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B.Y.O.B.: Recycling with a new twist

July 8, 2009
The Daily Mining Gazette

SOUTH RANGE: Carrousel Winery is encouraging customers to B.Y.O.B. - Bring Your Own Bottles.

"We examined our cost and realized that the bottle, label and labor for bottling is a significant cost in a small winery like ours, and by eliminating these we could offer a very nice wine at a significant discount," owner Carmen Murphy said of their new program that allows customers to bring in their recycled bottles and fill them themselves. "To start we are offering four wines, Cabernet Sauvignon, Merlot, Pinot Noir and Chardonnay. Those that are willing to recycle and fill your own bottles can get a 750ml bottle of wine that normally sells for just under $12 per bottle for $7."

The South Range winery, located 3 miles south of the Copper Country Mall on M-26, has been in operation since 2006. Small town wineries like Carrousel have been a growing trend in the United States, and this year, Carmen said, they're making a few changes.

"We want our winery to fill three roles in the community. The first two are obvious: increase the appreciation of wines and develop local products," she said. "But, historically, the village winery was the place where people came with their own containers and took home affordable wine for their dinner table."

Carrousel Winery meets the first objective by giving customers the opportunity to taste wines from over 20 vineyards from around the world; and they have developed a line of local berry wines. The third role, offering a program that allows customers to bring in their own recycled bottles to be filled for a discount price, has taken some time to develop.

"At that price ($7) there should be no guilt about having a nice bottle of wine with dinner, even in a recession," Carmen said, adding the bottles customers bring in need to be clean. "We will sanitize the bottle at the winery, but they need to be washed and the labels need to be removed at home."

To keep their labor cost in line, Carrousel requires a minimum of three bottles to get the $7 price.

Currently, Carrousel Winery offers a few of its grape wines outside of the winery through their distributor, Pisani Distributing. This year, they will be adding their berry wines.

"Our area may never be listed as a great appellation for grapes, but I'll stack our berries against the best in the world," said Frank Murphy, who as vintner is responsible for making the wine. "We've done test batches with commercial berries from other areas and found that Strawberries grown in the Chassell area produce wine with more flavor, aroma and color."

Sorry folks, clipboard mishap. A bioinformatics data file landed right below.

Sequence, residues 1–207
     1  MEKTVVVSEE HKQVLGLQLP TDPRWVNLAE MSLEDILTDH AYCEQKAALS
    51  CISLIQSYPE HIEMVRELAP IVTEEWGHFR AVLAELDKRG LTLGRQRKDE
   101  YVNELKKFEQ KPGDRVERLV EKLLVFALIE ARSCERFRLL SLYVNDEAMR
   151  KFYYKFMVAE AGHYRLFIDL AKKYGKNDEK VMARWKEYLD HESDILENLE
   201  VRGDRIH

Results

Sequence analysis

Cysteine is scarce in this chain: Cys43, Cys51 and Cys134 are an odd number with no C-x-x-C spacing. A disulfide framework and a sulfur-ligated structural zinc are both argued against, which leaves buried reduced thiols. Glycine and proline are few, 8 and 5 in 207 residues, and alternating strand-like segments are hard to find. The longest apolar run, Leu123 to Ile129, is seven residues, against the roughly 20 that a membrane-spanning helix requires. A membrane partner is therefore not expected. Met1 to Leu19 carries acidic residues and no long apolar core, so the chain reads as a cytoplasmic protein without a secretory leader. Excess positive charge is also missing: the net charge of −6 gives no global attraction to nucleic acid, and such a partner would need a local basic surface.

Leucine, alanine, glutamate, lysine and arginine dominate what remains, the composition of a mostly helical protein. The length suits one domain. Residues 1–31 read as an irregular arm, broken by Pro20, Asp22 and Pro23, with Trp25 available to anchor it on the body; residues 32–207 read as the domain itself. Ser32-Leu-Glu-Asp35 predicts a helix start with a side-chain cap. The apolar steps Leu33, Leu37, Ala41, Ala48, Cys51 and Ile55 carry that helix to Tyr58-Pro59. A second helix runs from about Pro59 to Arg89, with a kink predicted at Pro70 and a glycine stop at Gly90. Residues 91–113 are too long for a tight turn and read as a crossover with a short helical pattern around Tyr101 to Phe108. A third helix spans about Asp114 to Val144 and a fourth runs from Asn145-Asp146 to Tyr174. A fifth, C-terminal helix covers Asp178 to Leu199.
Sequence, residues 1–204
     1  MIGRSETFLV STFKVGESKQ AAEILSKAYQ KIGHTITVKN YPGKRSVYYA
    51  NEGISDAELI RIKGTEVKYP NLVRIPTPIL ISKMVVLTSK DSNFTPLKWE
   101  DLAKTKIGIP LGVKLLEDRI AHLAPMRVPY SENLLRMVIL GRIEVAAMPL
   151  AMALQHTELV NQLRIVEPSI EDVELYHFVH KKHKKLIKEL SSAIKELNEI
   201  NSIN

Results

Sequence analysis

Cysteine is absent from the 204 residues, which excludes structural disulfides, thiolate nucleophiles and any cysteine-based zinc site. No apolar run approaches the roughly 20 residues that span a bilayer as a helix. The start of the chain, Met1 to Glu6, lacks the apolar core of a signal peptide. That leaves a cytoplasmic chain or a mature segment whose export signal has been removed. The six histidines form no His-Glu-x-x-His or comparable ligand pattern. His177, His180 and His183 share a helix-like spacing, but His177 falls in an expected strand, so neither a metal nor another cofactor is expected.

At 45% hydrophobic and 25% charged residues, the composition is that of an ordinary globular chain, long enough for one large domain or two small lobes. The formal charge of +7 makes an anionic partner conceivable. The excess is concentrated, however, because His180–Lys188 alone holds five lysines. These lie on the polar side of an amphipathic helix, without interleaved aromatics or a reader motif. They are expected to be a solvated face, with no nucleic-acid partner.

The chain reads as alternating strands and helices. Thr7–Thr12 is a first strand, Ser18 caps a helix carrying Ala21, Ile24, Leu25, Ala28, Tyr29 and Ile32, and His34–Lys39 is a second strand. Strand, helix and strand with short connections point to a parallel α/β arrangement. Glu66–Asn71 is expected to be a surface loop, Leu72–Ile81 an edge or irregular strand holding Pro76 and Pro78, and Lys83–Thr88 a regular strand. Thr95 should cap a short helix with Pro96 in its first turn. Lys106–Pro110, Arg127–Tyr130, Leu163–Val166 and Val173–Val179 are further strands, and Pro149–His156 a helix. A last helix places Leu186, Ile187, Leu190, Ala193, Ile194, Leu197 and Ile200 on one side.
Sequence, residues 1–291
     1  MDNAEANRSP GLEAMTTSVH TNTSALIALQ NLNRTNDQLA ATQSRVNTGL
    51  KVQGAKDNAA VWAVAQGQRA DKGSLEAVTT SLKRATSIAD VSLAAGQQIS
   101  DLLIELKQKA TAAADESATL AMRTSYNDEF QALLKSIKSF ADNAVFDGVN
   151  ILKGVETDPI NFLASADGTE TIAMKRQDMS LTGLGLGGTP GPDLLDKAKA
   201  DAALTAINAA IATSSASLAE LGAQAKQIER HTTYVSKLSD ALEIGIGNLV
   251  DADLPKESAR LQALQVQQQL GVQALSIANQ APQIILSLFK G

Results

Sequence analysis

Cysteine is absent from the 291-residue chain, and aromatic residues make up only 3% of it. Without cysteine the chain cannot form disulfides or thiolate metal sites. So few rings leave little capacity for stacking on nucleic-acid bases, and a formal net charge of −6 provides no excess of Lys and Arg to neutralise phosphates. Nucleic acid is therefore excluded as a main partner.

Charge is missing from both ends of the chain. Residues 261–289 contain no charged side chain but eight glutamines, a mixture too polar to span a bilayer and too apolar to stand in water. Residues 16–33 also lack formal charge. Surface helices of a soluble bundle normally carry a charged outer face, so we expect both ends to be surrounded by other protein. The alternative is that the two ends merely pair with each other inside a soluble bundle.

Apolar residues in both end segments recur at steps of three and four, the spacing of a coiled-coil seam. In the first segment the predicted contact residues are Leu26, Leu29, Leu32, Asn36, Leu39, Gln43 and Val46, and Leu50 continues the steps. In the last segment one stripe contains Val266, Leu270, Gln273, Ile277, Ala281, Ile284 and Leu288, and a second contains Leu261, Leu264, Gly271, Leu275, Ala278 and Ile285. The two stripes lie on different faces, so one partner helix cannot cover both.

His theory is that the Keweenaw's cooler springs give the berries more time to ripen.

"Chassell strawberries definitely are juicier, less woody and have a lot more flavor than southern berries. And, the wild blueberries grown in the Bootjack area are exceptional," Frank added. "For wine, they are heads and shoulders above the larger domesticated berries from other areas." Both berries are grown in commercial quantities in the Keweenaw.

"They make a beautiful wine with a deep color, strong, fruity aroma and a slightly sweet taste. It's something you can't get anywhere else," he said. "They're fun, totally local and really good. Keweenaw berries are terrific resource of our area."

Although the berry wines have been a main attraction since Carrousel opened, the winery has produced only a limited quantity and didn't offer the wine through distributors. "What was needed was a little push," Frank said.

That push came from contacts in Europe.

"We have a family member, Richard Windsor, who has been working in the wine industry in France that got a little excited about the idea," he continued. "When he agreed to come over and help us step up production the decision was made."

Richard brings an experience in wine and large production techniques, Frank said, but he doesn't have experience in berry wines.

"Between us all the holes are filled," he said.

Production will include Chassell Strawberry, Bootjack Blueberry and they intend to make some cranberry wine from the berries grown by their southern cousins across the border in Wisconsin.

"Our cranberry wine is dryer and slightly tart," Frank said. "Every time I have a glass, I get an uncontrollable urge for a cold turkey sandwich."

Carrousel Winery is located 3 miles south of the Copper Country Mall on M-26 in South Range. The tasting room and refill barrels are open from 1 p.m. to 5 p.m. Tuesday through Saturday. For more information, call 487-WINE.

Editor's note: This feature is part of a paid advertising package purchased by Carrousel Winery of South Range. Businesses interested in being featured on the Business page may call Yvonne Robillard at 483-2220.



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